If the name Fisker rings a bell, it should. Henrik Fisker was the notorious designer behind iconic cars such as the BMW Z8 and Aston Martin DB9. After decades of designing dream cars for others, he finally made his own. The Fisker Karma was the first premium plug-in hybrid on the market. Sadly, Fisker Automotive had to file bankruptcy when their sole battery supplier, A123 Systems, went broke. Now just a few years later, Fisker is back in the news with an upcoming all-electric luxury car, an autonomous shuttle, an affordable mass market vehicle, innovating with solid state batteries, and now teasing the possibility of a future electric convertible car.
The setback obviously didn’t stop the entrepreneur as Henrik reopened doors in 2016 under Fisker, Inc. This time labeled as an e-mobility company with bigger plans than ever. They once again made waves and drew attention back into the EV world with the unveil of the all-electric Fisker Emotion concept at CES in 2018.
“We see ourselves as an e-mobility and technology company. We don’t see ourselves as a car company.”
Its specs were just as impressive as its design and luxury. Boasting a 400 mile range, 3 second 0-60, 161 mph top speed, and level 4 autonomy, it was the only electric car worth keeping an eye on at the time. The Emotion was originally set to go into production this year but things quickly changed as the picture grew larger.
Having dubbed themselves an “e-mobility and technology company”, they set course on the advancement of autonomous electric shuttles and development of solid state batteries.
The Fisker Orbit, their autonomous electric shuttle, is set to begin testing on a corporate campus later this year. Its intention is to provide a fully autonomous shuttle service on private properties such as colleges, corporate campuses, parks, airports, ect.
More important to the future of mass market EVs is Fisker’s work on developing a solid state battery. A solid state battery will have greater energy densities, provide more range, more stability, and could cut manufacturing costs. The company claims it has produced a cell with densities of 500 watt-hours per kilogram which is roughly twice as dense as the best batteries currently on the market. Fisker seeks to make batteries eventually costs $75-$100 per kilowatt hour.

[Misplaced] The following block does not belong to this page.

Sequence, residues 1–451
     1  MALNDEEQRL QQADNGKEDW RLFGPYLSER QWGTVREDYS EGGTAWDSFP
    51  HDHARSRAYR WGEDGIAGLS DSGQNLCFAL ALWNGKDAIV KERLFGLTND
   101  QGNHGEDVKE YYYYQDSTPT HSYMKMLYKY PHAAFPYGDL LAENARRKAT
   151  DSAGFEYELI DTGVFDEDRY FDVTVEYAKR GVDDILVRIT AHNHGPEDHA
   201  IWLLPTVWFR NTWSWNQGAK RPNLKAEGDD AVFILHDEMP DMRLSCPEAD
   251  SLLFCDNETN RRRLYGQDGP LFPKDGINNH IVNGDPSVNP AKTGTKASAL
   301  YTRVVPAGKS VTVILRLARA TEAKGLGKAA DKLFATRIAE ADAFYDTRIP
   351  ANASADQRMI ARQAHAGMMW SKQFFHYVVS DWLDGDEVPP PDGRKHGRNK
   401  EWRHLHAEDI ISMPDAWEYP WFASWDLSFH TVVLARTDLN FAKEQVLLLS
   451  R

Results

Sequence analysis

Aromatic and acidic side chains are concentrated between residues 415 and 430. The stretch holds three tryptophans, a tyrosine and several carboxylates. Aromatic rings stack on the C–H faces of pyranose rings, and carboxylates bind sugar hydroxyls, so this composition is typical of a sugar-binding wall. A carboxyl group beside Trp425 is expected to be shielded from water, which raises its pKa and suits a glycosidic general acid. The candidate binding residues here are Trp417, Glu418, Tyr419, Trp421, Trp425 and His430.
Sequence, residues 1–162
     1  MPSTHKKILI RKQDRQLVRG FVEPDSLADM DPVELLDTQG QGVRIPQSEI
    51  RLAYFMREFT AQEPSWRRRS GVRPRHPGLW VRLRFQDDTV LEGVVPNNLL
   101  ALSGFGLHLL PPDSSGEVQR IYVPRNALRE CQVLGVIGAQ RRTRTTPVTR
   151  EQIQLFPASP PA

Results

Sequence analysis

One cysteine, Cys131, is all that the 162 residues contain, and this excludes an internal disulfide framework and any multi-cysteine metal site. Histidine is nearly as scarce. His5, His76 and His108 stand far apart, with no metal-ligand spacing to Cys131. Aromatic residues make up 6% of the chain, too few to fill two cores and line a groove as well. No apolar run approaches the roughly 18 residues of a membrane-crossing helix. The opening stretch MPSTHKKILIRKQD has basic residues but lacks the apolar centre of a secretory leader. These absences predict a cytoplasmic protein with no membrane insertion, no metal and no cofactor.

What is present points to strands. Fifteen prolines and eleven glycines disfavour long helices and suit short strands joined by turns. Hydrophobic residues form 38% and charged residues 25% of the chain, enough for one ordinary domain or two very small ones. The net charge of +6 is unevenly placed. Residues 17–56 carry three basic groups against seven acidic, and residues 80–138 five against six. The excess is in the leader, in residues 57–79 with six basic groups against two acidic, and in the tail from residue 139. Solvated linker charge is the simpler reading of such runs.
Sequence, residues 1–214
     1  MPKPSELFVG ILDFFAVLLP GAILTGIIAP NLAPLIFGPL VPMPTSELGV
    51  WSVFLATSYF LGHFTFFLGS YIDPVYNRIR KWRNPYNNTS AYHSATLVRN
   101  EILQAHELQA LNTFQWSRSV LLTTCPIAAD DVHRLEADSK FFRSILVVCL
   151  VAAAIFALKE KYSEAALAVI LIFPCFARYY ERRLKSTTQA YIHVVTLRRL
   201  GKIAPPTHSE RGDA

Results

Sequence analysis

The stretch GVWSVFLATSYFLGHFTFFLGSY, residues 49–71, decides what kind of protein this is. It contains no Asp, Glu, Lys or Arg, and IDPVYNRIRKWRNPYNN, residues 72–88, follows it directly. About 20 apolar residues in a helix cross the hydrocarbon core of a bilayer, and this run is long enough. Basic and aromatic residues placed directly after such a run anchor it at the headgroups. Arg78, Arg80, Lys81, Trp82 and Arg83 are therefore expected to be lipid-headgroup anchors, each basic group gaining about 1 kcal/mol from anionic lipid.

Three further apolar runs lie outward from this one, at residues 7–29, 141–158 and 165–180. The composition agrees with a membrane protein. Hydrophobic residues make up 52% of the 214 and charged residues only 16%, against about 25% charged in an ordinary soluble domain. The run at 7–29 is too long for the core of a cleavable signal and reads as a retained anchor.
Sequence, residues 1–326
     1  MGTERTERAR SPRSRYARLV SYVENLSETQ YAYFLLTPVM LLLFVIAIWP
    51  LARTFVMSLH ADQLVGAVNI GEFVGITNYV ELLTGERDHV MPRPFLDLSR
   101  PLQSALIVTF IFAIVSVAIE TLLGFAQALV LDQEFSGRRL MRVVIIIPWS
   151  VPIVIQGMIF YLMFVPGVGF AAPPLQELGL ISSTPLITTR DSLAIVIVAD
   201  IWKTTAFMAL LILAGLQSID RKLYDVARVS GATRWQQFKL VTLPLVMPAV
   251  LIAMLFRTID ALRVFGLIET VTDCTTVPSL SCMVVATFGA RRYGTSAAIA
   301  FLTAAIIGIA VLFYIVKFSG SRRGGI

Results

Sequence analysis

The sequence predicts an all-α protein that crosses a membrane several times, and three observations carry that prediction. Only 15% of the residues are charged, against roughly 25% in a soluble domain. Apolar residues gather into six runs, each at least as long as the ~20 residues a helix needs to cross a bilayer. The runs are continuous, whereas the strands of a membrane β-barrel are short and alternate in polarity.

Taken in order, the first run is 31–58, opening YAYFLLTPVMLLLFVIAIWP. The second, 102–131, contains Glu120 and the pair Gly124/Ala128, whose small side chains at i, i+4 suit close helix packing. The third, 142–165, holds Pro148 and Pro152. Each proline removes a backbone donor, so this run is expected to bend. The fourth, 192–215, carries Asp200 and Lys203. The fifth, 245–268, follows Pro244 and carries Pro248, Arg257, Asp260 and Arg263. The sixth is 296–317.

With an undisclosed investment from Caterpillar, a Fortune 100 company, Fisker has been focusing intensely on the development of their solid state battery and upcoming mass market electric car. After development, Fisker will off source manufacturing of the batteries and focus on vehicle production and e-mobility solutions.
An unnamed $40,000 mass produced electric Fisker is set to enter the market in 2021. The Fisker Emotion was quickly delayed until the use of solid state batteries becomes feasible. It will be released soon after the high volume car or possibly alongside it which has become untraditional. Typically, new electric car manufactures release their highest tiered model upfront and slowly work their way down in status and pricing.
“We don’t have to prove we can make a luxury car, we already did that with the Fisker Karma.”
As you can see, Fisker definitely has a lot on their plate and they’re just beginning. It’s too early to start predicting volumes but Fisker’s end goal would be in the hundreds of thousands of electric cars built annually. With a master plan that ambitious comes a long list of models.
We’ve heard about the Emotion in the luxury segment and the unnamed $40,000 Fisker being their entry level car and debut into the mass market but apart from that, Fisker has been silent with their future electric car plans. But with a single tweet, we got a glimpse of what Fisker has in store for us.
Eventually, we got to have one…
— Henrik Fisker (@henrikfisker) January 14, 2019
Convertibles are nothing new to Henrik Fisker having designed them in the past. The BMW Z8, Aston Martin DB9, Aston Martin Vantage, and VLF Force 1 V10 Roadster are all convertibles designed by Henrik himself. Their designs respectively hold up to their brands rather than the Fisker name but looking at another car we can get a general idea of what a Fisker electric convertible car might look like.
The Fisker Karma S “Sunset” was based on the original 2012 Karma. It was scheduled for a 2013 release before the company went under. Fisker also had plans for a shooting brake dubbed the Fisker Surf.
Rather than let these ideas die, we can only imagine that similar models will eventually be released under the new Fisker, Inc. But that’s just speculations. If not, something better. Regardless, Fisker’s designs are some of the greatest and I’m happy to see anything that comes from them. Alongside their shuttle service, solid state battery development, and entry into the mass market, we will be hearing more about Fisker and their projects for years to come as the place themselves as one of the leading companies driving our future forward.
Fisker is not a car company, that is true. They won’t make any cars, or anything else. If they evenly split up their workforce between the shuttle, two cars, and solid state batteries Fisker claims are all in the works, two people would be working on each one.